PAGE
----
He saw his own arrogance as his greatest sin. That Jesus was willing to walk into the jaws of Empire humbly and accept crucifixion totally undid Paul’s understanding of the messiah as a king like Caesar. He saw Christ’s teaching on humility as so essential it undid all the hierarchy of the ancient world. And there was plenty of it. Patricians were higher than plebeians. Men of property were higher than proletariats (those without property). Patrons were higher than clients. Richer citizens were higher than poor. According to Karen Armstrong, “The rich and poor dressed differently, they ate different food, and spoke virtually different languages. The masses were expected to show their deference to their superiors in myriad stylized rituals in the course of a single day.”
Crosses along the road communicated loud and clear how dangerous it was to break these rules. but Paul emphasized the importance of breaking them. He emphasized that when we are baptized into the church there is no longer Jew nor Gentile, slave nor free, male nor female.
When he began his ministry he came into conflict with other followers of Jesus including Peter and James, the brother of Jesus, who was the head of the church in Jerusalem. Many early believers were required to be circumcised. Followers of Jesus were just another sect of Judaism. Paul traveled outside the bounds of Jewish mainstream and saw that many Gentiles were being transformed by the experience of the Spirit of God without having to go through all the teachings of Torah (Law) first.
What can we learn from Paul’s First letter to the church at Corinth?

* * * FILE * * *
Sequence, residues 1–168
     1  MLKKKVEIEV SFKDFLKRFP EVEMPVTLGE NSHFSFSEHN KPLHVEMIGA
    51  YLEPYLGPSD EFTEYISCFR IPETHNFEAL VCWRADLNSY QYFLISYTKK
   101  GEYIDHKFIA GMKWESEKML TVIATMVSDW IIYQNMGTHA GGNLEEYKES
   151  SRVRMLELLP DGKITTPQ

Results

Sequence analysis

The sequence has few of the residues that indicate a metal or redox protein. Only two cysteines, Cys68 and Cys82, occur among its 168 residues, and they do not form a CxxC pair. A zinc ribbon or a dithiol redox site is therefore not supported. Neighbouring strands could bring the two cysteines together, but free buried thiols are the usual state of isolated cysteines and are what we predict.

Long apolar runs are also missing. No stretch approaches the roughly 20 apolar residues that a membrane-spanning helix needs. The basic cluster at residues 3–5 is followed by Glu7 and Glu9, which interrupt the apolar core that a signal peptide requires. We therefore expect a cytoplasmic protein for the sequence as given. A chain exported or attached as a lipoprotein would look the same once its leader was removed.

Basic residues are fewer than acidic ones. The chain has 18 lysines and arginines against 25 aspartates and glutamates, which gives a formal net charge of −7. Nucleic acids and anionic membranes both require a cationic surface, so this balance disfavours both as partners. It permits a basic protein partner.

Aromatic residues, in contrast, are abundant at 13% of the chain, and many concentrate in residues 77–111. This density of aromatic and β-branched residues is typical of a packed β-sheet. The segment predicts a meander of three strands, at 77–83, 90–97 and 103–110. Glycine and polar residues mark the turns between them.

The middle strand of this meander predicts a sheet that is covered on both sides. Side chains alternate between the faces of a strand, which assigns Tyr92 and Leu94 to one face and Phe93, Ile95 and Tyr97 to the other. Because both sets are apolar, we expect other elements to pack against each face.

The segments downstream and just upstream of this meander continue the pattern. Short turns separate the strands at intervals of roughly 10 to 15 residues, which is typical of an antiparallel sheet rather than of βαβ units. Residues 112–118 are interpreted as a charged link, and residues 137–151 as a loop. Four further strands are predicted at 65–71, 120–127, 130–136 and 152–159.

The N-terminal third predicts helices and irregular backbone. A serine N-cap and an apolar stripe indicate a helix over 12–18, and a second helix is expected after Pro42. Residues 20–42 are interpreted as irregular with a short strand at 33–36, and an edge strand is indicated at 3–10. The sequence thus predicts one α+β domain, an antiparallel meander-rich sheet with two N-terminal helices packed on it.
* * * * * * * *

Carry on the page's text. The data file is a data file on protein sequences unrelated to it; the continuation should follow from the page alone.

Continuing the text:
First, let’s take a quick look at the word “church.” Paul called his new communities ‘ekklesia’ which is the same word used by the Greco-Roman authorities for their local governments. We translate ekklesia as church and miss the radical significance of the word. Paul is saying these communities replaced the authority of Caesar in their cities and towns. Talk about radical and dangerous!
Paul founded the ekklesia at Corinth, probably a small house church, early in his travels. He left them to grow on their own and they ran into trouble. Other followers of the Christ (traveling prophets) arrived to tell them they needed to be more spiritual and less practical about their faith. (Think perhaps, Science of Mind believers). Still others told them they all needed to be circumcised and become Jews. There was no consensus, no creeds, no rules for being Christians at this time. Paul sent this letter to try to remind them of the values of humility and service that their ekklesia was founded upon.
To say Jesus is Lord meant that Caesar was not Lord. It was dangerous and powerful to do so. He asks them here to remember that whatever gifts they have been given should always be used for the common good rather than as ways to feel superior to others. He lists nine specific gifts here but I agree with my United Methodist friend that they should not be separated out and compared for value.
Wisdom teaching, the first on the list, is of value to all of us. Some of us live it. Others teach it, but all of us are learning it.
Knowledge is next. There is a great tragedy in a society that does not adequately educate its children and value knowledge and understanding. We are seeing consequences of this in our national conversations about essential issues today.